THE EFFECT OF LEGO MANIPULATIVE USE ON STUDENT PERFORMANCE IN THE MATHEMATICAL SKILLS OF THE 2ND GRADE: PARENTS 'AND STUDENTS' VIEWS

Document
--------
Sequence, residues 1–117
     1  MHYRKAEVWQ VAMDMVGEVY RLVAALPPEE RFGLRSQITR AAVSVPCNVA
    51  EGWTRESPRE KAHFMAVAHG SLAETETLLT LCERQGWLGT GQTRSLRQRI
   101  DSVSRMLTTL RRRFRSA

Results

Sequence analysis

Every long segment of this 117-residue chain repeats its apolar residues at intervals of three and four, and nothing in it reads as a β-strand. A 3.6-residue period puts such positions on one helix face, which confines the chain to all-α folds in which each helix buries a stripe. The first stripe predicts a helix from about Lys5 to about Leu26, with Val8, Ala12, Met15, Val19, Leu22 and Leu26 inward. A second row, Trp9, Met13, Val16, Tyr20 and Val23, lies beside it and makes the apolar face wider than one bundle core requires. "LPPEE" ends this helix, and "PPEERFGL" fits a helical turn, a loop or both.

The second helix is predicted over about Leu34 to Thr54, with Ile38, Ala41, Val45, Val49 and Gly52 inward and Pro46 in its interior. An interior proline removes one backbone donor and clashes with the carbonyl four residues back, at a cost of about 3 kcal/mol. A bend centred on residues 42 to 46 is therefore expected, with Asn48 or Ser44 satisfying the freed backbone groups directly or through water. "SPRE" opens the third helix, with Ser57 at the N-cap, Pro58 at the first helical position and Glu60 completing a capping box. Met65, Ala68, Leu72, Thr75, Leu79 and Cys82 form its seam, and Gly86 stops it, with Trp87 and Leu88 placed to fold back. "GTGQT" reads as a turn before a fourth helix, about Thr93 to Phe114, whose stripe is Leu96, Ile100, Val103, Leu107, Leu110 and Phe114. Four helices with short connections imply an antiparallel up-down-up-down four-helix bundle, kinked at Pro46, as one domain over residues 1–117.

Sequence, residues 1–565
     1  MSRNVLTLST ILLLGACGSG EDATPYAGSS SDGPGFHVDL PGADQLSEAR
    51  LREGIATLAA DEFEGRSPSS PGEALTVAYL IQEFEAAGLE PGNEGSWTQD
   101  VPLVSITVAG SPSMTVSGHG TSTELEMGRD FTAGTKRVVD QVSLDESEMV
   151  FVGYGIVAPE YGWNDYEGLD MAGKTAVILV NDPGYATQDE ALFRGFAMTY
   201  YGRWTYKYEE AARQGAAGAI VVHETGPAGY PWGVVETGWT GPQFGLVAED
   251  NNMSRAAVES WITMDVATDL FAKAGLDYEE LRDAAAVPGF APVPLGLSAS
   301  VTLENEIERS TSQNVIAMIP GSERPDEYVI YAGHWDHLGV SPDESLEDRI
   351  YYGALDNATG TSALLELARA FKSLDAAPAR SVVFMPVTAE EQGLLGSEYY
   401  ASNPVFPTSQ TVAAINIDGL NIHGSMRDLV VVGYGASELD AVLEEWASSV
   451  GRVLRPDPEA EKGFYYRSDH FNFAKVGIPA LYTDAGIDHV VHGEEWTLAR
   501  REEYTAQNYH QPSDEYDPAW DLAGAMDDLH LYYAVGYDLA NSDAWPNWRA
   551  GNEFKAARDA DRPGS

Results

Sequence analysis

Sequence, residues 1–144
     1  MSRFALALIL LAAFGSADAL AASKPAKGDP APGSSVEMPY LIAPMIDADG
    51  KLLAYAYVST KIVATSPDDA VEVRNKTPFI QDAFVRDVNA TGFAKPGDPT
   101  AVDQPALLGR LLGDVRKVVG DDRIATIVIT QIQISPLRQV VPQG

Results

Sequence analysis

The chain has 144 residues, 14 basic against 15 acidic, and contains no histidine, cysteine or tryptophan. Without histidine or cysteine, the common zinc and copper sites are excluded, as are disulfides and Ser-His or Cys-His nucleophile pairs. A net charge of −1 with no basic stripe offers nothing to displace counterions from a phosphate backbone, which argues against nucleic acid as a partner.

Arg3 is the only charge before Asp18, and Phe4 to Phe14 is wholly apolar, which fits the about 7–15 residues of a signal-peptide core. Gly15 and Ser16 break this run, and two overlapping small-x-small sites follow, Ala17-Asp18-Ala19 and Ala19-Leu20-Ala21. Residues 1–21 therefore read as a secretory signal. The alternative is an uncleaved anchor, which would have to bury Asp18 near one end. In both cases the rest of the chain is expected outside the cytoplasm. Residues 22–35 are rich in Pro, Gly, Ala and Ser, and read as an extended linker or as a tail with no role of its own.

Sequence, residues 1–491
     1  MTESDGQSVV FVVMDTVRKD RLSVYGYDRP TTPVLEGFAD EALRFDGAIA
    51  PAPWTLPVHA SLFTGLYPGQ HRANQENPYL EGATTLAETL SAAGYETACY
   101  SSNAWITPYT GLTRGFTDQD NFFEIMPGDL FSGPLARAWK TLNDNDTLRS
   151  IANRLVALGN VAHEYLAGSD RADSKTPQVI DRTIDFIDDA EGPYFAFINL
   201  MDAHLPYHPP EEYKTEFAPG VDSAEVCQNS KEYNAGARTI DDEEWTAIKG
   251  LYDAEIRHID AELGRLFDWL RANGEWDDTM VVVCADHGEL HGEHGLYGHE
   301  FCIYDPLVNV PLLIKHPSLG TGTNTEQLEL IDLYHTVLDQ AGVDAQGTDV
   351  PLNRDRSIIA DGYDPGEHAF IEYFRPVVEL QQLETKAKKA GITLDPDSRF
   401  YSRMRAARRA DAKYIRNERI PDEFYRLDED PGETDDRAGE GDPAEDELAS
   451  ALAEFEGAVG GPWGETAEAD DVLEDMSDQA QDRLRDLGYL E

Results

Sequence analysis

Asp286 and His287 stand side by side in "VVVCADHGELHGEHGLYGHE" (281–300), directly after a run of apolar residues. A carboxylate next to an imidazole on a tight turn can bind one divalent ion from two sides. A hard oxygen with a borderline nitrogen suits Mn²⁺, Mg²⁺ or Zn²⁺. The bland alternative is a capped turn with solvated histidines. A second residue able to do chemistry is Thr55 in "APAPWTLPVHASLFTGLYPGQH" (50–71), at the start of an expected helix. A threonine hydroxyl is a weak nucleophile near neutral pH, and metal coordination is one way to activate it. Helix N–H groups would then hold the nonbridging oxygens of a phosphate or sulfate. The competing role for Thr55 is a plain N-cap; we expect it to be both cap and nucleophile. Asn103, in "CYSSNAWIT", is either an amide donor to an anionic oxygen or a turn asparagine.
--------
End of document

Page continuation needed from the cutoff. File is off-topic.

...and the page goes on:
The purpose of this study was to investigate how the use of the action-based manipulatives affects students' problem-solving skills, fluency, understanding, and reasoning ability in mathematics classrooms. A case study was conducted as an out-of-school project with seven second grade students who were part of the study group. Data collection instruments included interview protocols, student observation forms, and student worksheets. Data were collected from the students and their parents. Linguistic and content validity were checked by experts in the field. Finally, the data were analyzed descriptively. The results showed that the performance of the students was above 85%. Solving questions with both software and physical materials made the learning process easy. Students socialized and shared opinions and solutions. Parents reported that the use of this teaching tool encouraged students' creativity in learning abstract concepts and provided opportunities for regular communication and cooperative group work in class. As a result, students learned alternative ways to solve problems, which improved their problem-solving skills and mathematical fluency. Constructing physical models using LEGO materials and MathBuilder software also facilitated their understanding of abstract concepts. The suggestions presented in this study are important and pave the way for the use of hands-on materials and 3D software for teaching abstract concepts in the classroom.